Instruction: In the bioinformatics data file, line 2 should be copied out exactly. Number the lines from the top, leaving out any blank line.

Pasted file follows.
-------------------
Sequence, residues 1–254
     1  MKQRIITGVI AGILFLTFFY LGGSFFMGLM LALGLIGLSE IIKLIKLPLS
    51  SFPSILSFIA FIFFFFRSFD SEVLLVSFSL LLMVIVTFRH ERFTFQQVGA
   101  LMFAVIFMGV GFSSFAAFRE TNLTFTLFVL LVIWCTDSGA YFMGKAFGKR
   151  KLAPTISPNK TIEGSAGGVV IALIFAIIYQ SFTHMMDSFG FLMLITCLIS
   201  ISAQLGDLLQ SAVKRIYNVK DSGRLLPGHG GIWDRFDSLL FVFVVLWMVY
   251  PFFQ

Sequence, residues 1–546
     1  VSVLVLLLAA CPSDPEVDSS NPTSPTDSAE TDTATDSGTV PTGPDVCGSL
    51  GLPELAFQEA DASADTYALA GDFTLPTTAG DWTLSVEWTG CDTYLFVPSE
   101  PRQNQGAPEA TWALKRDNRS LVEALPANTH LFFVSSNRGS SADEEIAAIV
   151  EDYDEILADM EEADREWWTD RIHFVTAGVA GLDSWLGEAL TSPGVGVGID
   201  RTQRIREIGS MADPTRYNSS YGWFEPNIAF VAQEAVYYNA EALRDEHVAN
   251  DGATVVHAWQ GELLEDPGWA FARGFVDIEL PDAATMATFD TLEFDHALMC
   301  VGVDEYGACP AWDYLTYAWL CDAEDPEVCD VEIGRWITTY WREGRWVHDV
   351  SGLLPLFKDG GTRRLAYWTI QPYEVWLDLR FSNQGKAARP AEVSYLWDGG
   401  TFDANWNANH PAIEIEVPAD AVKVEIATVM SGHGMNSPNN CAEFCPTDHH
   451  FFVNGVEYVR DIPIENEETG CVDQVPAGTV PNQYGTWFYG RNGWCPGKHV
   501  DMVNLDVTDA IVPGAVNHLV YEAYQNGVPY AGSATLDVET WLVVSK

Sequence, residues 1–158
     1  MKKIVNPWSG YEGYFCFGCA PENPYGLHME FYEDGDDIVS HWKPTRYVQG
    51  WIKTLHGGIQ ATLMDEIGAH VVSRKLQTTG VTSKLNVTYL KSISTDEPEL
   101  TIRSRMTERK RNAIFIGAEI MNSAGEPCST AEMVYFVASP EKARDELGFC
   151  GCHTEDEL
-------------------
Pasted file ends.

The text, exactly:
     1  MKQRIITGVI AGILFLTFFY LGGSFFMGLM LALGLIGLSE IIKLIKLPLS